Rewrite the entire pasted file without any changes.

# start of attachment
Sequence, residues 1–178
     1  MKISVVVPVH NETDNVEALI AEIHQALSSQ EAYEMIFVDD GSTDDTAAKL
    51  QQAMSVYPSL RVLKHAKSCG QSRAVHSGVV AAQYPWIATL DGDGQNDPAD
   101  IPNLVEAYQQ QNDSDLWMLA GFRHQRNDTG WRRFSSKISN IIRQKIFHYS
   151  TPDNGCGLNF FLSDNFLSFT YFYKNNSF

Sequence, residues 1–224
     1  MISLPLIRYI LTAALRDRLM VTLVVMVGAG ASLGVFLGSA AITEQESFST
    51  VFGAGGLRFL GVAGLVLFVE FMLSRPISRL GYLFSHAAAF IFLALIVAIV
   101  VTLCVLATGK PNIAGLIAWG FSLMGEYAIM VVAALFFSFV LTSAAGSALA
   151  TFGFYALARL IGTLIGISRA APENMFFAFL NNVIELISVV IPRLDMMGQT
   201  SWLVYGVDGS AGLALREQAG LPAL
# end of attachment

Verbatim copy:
Sequence, residues 1–178
     1  MKISVVVPVH NETDNVEALI AEIHQALSSQ EAYEMIFVDD GSTDDTAAKL
    51  QQAMSVYPSL RVLKHAKSCG QSRAVHSGVV AAQYPWIATL DGDGQNDPAD
   101  IPNLVEAYQQ QNDSDLWMLA GFRHQRNDTG WRRFSSKISN IIRQKIFHYS
   151  TPDNGCGLNF FLSDNFLSFT YFYKNNSF

Sequence, residues 1–224
     1  MISLPLIRYI LTAALRDRLM VTLVVMVGAG ASLGVFLGSA AITEQESFST
    51  VFGAGGLRFL GVAGLVLFVE FMLSRPISRL GYLFSHAAAF IFLALIVAIV
   101  VTLCVLATGK PNIAGLIAWG FSLMGEYAIM VVAALFFSFV LTSAAGSALA
   151  TFGFYALARL IGTLIGISRA APENMFFAFL NNVIELISVV IPRLDMMGQT
   201  SWLVYGVDGS AGLALREQAG LPAL